The Vikings’ long-distance trading and raiding networks and military conquests could all help to account for the influx of non-Scandinavian genes into the region, according to the researchers. People from the British Isles, eastern Baltic and elsewhere may have arrived as slaves, traders or Christian missionaries, or through marriages. By the 10th century, the Vikings’ trading networks extended from Iceland in the west to Baghdad in the east and they had raided as far south as Muslim Spain and North Africa.
Scandinavians had a strong presence in the British Isles from the early Viking raids of the 8th century to the settlement of the Danelaw and incorporation of England into the 11th-century North Sea Empire of the Danish kings Sweyn Forkbeard and Cnut. In Ireland they founded the kingdom of Dublin and ports including Cork and Limerick.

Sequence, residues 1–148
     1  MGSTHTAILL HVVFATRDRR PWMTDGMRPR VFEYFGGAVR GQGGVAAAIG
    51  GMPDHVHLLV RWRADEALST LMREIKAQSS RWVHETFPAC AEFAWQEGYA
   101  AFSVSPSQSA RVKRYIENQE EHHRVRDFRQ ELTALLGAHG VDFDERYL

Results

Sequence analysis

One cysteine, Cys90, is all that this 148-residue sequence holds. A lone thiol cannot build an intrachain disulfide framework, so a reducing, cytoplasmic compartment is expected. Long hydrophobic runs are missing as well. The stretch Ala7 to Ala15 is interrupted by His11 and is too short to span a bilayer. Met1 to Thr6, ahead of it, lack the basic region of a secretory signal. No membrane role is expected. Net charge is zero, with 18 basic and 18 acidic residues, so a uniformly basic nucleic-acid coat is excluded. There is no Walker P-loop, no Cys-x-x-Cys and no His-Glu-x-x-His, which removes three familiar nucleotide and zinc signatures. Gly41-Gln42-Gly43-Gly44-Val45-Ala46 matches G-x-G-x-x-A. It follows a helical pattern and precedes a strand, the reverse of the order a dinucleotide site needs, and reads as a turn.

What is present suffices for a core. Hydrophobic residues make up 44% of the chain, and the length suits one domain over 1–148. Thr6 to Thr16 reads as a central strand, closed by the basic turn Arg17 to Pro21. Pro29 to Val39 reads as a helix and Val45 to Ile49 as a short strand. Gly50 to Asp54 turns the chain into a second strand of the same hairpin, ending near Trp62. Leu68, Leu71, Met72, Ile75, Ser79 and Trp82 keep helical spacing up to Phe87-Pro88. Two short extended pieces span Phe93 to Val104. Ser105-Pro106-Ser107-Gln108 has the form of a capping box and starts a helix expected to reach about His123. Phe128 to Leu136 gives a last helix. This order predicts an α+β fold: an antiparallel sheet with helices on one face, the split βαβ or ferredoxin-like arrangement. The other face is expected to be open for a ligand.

In their paper, in the journal Cell, the researchers write: “Gene flow from the British-Irish Isles during this period seems to have had a lasting impact on the gene pool in most parts of Scandinavia. This is perhaps not surprising, given the extent of Norse activities in the British-Irish Isles . . . The circumstances and fate of people of British-Irish ancestry who arrived in Scandinavia at this time are likely to have been variable, ranging from the forced migration of slaves to the voluntary immigration of more high-ranking individuals such as Christian missionaries and monks.”
A woman discovered in a boat burial at Sana in central Sweden is an interesting case. She was buried around 950-1000, with three brooches and a wooden box. Her DNA indicates that her ancestry was from the British Isles. However, strontium isotopes in her teeth suggest that she was born and raised locally, in Sweden. The researchers speculate that she was a second-generation immigrant with a high social status in the community.